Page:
Last week I discussed the importance of strength training for any running programme; how it can help to strengthen muscle fibres and improve speed.
The reality of long-term running is that you will come up against injuries sooner or later. You may not be in top-athlete mode but there is a reason top athletes use strength training.
Don't be under the illusion that anyone who lifts weights avoids running or that runners do their utmost to avoid the weight room.
Whether you run 5k, 10k, half-marathons or longer distances I can't preach to you enough how you can experience the best of both worlds from the two types of training – an aesthetically pleasing physique without a limp looking body, being strong without being too heavy and having a great cardio capacity.
Remember, a strong core will help keep things stable where strength will help you develop speed.
Equally, poor form will lead to injuries like shin splints from overstriding, and working on a correct postural form within the weight-room will help develop better posture.
As discussed last week, deadlifts, squats and lunges are all great if you can manage to increase the weight over time to really develop some good strength in the muscle fibres, but don't rule out other types of strength-training like plyometrics.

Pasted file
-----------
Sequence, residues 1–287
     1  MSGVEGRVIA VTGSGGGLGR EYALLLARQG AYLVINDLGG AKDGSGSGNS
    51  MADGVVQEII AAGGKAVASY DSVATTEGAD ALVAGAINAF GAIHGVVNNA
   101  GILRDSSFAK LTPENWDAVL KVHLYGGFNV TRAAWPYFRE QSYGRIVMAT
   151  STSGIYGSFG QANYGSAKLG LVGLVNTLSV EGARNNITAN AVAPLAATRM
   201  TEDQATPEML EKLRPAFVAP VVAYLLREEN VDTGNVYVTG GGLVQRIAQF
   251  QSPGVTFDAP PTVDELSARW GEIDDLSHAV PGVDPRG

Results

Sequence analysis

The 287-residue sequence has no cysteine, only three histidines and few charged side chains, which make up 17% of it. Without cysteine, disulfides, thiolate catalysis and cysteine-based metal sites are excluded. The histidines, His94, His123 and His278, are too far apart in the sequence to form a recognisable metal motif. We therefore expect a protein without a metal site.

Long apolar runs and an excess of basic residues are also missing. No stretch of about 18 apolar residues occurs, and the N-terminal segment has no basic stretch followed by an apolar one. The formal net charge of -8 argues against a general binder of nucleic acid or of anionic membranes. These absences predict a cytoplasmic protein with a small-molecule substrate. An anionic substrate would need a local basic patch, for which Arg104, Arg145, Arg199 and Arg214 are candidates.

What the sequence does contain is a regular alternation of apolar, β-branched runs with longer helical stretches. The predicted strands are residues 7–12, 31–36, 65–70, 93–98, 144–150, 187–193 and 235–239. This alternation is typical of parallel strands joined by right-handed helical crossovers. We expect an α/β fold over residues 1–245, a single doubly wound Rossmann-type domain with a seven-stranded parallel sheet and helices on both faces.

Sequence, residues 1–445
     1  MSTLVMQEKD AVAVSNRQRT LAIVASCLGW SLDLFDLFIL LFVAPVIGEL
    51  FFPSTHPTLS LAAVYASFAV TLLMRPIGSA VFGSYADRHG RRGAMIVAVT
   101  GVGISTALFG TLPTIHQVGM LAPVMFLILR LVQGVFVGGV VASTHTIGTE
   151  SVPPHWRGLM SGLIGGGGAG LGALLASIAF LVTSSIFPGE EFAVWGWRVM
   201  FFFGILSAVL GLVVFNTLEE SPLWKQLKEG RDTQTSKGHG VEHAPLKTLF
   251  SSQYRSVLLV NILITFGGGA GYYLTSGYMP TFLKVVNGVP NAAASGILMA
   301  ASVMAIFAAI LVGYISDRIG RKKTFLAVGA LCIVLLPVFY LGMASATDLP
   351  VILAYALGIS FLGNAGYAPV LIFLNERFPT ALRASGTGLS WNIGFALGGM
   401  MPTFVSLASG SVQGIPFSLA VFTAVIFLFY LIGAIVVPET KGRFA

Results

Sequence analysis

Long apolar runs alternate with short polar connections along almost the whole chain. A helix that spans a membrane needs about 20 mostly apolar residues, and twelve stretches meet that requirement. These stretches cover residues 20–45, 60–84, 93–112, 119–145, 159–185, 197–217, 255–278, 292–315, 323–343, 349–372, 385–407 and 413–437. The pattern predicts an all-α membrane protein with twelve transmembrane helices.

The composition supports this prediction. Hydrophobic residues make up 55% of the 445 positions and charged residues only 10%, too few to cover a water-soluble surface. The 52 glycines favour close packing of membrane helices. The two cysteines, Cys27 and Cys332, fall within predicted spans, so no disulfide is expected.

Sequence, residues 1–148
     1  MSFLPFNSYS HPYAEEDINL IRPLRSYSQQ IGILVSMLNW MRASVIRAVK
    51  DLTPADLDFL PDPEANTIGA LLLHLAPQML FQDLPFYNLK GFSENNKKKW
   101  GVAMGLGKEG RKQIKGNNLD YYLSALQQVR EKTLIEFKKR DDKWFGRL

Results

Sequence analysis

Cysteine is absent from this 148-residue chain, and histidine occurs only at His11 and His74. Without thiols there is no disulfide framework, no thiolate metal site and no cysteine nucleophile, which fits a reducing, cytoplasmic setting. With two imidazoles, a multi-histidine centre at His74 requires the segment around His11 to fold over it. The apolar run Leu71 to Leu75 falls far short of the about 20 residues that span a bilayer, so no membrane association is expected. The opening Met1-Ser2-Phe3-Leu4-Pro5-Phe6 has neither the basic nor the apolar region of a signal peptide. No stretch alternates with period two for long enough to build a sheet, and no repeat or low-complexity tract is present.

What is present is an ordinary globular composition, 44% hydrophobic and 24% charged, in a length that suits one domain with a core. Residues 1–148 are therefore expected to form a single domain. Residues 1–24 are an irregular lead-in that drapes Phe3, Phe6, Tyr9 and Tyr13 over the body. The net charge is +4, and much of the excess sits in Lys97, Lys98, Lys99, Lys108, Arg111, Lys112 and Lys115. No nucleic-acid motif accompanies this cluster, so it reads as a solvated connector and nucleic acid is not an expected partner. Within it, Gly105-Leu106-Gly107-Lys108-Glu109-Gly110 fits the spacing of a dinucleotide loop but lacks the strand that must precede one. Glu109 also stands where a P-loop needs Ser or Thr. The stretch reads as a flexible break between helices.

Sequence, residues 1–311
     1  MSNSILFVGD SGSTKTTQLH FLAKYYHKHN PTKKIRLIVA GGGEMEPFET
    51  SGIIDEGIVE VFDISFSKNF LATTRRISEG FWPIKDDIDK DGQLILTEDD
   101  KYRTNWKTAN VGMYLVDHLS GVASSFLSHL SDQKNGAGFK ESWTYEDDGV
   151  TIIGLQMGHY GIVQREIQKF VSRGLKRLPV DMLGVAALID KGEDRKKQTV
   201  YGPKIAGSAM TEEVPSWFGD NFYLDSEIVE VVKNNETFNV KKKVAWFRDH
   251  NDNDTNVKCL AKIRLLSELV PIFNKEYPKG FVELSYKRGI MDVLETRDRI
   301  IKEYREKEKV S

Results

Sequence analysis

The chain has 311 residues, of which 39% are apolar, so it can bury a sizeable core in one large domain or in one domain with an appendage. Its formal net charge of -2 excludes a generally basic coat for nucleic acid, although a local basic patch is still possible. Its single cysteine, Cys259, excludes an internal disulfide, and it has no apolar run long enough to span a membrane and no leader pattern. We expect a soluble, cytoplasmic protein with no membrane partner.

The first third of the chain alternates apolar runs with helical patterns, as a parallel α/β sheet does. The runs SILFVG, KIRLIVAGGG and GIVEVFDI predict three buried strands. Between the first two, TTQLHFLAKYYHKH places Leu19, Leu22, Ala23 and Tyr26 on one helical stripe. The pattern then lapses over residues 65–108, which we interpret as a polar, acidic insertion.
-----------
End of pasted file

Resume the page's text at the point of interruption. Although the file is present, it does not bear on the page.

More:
Fire up your muscles, starting with the basics, and use that good cardio ability with your weights to get some explosive workouts. Remember that any type of distance running breaks down the muscles so you need to do all you can to maintain muscle for the protection of joints, bones and connective tissue.
1. Start by standing upright, holding a barbell in front on the inside of your bent elbows, with your hands clasped at your upper chest and your feet shoulder-width apart.
2. Lower your body towards the floor, sending your hips back and down, bending your knees. Push through the heels to return to start position.
This is an ideal exercise if you suffer with any wrist or shoulder injuries, as it takes the pressure off them, but is also great for core-stability training as it makes your diaphragm and core work harder.
1. Start by standing in front of a secure platform or box.
2. Jump onto it, ensuring your full foot is on the platform to avoid injury, and immediately jump down.
3. Repeat this action, keeping it light.
NB: If substituting this piece of equipment make sure it is a stable piece of gym equipment.
1. Start by holding a kettlebell to the side of one leg, with your feet split and leaning slightly forward. 2. Swing the kettlebell out to the side and directly overhead, switching hands at the top and turning your feet forward, then continue swinging the kettlebell down the other side.
3. Do the same movement, starting on the completed side, to bring you back to the start position.